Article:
the Year 1000, ed. Thomas Head and Richard Landes (Ithaca, N.Y.:
Cornell University Press, 1992), 239-258, and the references there in
notes 1-5. Hartmut Hoffmann offered 1063 as the possible date
based on a reference in a sixteenth-century edition of Flemish annals;
see his seminal Gottesfriede und
Treuga Dei (Stuttgart: Anton Hiersemann, 1964), 146-48.
More recently, Dominique Barthélemy, L'an mil et la paix de Dieu: La France
chrétienne et féodale, 980-1060 (Paris: Fayard,
1999), 536, has again argued the plausibility--if not verifiability--of
1063. The participation in the events of 1041/2 and the 1060s by
the monks of Saint-Amand d'Elnone is noteworthy, although unstudied.
Bishop Drogo of
Thérouanne and Count Baldwin have established this peace with
the clergy and people of the entire land.
Dearest brothers in the Lord, these are the conditions which I say to
you most firmly in spirit that you should henceforth observe during the
peace, which is commonly called the truce of God, and which begins with
sunset on Wednesday and concludes with sunrise on Monday.
1. During those four days and five nights, let no man or woman
assault, injure, or kill another man or woman, nor assault, plunder,
burn, or capture a castle, town, or villa by any craft, violence, or
2. Should anyone--heaven forbid!--violate [this peace] by not
observing what we have decreed, if he does not agree to thirty years'
penance and exile and does not make amends for whatever he did in
violation of the peace before he leaves the diocese, let him be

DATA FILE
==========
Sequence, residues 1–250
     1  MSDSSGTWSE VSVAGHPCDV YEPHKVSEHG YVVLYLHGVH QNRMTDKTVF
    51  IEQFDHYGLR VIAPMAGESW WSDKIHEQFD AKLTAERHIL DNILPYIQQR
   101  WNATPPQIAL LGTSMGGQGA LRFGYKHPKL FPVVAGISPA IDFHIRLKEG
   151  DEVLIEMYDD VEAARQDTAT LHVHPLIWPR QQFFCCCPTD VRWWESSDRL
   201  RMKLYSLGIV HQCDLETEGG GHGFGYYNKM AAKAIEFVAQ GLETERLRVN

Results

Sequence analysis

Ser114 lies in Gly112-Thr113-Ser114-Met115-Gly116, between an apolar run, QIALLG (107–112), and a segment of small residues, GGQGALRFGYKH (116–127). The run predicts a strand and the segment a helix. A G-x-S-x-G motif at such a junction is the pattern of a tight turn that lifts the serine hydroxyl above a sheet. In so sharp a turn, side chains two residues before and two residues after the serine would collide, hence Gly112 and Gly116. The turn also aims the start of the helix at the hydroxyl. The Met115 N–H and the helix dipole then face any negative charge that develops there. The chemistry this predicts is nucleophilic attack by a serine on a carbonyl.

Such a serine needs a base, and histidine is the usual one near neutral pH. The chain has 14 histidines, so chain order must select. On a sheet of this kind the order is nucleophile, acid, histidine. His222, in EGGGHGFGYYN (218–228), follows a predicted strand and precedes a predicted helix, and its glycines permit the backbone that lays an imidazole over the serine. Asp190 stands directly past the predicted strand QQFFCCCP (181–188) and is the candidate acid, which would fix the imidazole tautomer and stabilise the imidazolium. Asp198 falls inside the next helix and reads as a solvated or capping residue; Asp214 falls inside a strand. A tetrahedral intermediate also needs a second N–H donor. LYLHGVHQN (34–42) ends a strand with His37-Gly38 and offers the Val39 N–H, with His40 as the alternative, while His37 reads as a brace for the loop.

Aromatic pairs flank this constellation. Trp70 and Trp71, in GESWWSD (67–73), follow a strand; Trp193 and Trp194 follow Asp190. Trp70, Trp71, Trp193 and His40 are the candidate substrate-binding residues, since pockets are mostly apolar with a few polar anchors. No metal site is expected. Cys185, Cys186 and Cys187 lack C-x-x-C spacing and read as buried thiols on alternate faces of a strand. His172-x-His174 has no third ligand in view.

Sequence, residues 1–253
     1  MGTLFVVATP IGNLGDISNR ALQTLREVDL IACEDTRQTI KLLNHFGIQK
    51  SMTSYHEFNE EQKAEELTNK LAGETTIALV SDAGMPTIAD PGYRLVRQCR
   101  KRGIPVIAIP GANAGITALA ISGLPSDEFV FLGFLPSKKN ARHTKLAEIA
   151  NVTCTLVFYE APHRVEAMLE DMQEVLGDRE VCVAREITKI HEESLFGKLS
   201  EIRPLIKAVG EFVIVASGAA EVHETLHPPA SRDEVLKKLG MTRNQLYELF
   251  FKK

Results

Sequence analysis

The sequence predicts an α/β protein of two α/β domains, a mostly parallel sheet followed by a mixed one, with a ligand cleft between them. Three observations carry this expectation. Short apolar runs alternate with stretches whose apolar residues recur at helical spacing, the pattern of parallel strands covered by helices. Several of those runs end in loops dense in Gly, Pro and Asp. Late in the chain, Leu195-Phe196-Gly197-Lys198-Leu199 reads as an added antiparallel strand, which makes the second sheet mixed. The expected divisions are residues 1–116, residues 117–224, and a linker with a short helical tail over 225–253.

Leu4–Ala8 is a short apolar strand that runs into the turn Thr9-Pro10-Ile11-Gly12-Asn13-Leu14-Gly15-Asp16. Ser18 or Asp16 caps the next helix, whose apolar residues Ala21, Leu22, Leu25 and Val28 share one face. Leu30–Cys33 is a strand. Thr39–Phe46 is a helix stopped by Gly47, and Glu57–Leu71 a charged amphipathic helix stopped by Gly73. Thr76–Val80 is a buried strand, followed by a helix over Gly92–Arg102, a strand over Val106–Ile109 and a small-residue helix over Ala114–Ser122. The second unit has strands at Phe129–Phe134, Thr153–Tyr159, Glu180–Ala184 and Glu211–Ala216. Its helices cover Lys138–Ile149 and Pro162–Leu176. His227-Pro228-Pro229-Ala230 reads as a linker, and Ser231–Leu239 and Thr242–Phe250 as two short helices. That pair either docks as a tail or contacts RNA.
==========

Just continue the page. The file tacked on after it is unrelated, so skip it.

excommunicated by the lord God and cut off from all Christendom.
3. Indeed, those who knowingly communicate with him in any way or
give him advice or aid or any suggestions--except that he should do
penance and, as was said, leave the diocese--shall similarly be
excommunicate until they make satisfaction.
4. And if that most wretched violator of the holy peace (sancte pacis
)--having accepted his
penance of thirty years--should die before he is exiled, let no
Christian presume to visit him or remove the body from the place where
it lies, nor receive anything from his possessions.
5. Moreover, brothers, you shall observe this peace and truce of
God concerning lands and animals and above all concerning all those
things which you possess among yourselves. And if anyone shall
carry off an animal or even a single obol
 or piece of clothing from another during this peace, he shall be
excommunicate until he makes amends. But if he wishes to make
amends, let him first return what he seized or something equal in value
to what he took. Then let him do penance within the diocese for
seven years. If, however, he should die before he makes
satisfaction and assumes penance, he shall neither be buried nor moved
from the place where he died, unless his relatives shall make
satisfaction on his behalf to the one he wronged.
6. Furthermore, during this peace no one but the count of the